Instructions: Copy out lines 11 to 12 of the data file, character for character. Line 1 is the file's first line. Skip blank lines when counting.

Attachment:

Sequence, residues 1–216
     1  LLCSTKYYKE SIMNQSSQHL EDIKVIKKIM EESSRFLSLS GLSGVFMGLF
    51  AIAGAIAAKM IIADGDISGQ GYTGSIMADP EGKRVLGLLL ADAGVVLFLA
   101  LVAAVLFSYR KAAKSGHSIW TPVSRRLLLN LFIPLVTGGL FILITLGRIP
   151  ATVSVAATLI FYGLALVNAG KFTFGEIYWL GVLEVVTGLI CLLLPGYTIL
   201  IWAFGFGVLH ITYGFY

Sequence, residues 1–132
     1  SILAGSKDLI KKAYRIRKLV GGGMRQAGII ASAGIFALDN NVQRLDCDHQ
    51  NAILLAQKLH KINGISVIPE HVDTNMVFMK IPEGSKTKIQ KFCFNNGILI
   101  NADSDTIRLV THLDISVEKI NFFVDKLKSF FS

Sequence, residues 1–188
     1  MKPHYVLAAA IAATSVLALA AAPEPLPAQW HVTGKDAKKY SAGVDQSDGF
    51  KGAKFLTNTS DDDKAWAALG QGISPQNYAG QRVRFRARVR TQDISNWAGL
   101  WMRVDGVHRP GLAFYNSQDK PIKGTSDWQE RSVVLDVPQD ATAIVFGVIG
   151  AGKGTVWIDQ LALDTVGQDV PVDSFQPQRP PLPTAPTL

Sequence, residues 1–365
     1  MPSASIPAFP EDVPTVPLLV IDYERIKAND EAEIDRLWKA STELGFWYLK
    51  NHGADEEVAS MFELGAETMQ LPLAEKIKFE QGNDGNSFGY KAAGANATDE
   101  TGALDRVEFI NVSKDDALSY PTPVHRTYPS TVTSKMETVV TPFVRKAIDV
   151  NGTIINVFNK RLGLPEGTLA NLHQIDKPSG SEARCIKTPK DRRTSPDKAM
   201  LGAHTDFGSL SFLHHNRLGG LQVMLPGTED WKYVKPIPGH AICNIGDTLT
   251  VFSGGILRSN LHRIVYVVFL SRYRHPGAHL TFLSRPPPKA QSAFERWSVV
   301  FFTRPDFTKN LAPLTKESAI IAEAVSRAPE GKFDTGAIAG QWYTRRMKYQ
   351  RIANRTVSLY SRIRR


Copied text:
Sequence, residues 1–188
     1  MKPHYVLAAA IAATSVLALA AAPEPLPAQW HVTGKDAKKY SAGVDQSDGF